On May 4, the YES! Association receives an e-mail from the director at Vikingsbergs Konsthall where it is announced that the DVD has arrived. All of a sudden there is also money available for technical equipment and it is now possible to install the work. The YES! Association demands a public excuse which is never given, and therefore declines to show the work at the show.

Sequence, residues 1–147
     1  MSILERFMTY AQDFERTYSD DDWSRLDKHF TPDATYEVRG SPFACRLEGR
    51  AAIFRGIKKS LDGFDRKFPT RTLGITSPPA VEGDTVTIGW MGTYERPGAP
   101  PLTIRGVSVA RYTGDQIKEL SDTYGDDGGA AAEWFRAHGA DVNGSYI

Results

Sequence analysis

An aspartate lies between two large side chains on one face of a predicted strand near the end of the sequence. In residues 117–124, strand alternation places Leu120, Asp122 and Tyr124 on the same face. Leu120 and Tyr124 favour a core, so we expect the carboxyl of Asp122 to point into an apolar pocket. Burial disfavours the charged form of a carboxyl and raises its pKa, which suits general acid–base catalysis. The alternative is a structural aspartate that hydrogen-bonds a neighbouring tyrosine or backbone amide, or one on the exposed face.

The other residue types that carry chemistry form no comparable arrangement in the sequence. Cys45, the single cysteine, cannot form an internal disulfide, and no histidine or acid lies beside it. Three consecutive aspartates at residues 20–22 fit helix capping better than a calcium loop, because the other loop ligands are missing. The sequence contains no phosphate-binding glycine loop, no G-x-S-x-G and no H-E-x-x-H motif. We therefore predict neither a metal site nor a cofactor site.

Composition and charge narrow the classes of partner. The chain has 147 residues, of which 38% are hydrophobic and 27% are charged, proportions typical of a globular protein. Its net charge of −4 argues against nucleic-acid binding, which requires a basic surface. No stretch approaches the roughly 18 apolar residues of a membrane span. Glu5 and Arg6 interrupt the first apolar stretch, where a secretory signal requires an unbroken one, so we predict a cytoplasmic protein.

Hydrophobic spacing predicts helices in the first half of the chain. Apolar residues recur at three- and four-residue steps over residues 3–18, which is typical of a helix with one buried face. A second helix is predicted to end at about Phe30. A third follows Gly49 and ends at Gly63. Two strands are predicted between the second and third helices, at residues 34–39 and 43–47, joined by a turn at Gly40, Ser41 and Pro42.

In September 2007, the YES! Association finds out that the preliminary investigation, both concerning the sexual harassment and the theft, is closed. Vikingsbergs Konsthall has also closed down.


  • YES! Association / Föreningen JA! was an art collective, an artwork, an association, an art worker, an institution, a group of people working to overthrow the ruling system of heteronormative, patriarchal, racist, and capitalist power structures by putting into practice a structural redistribution of access to financial resources, space and time within the (art) field.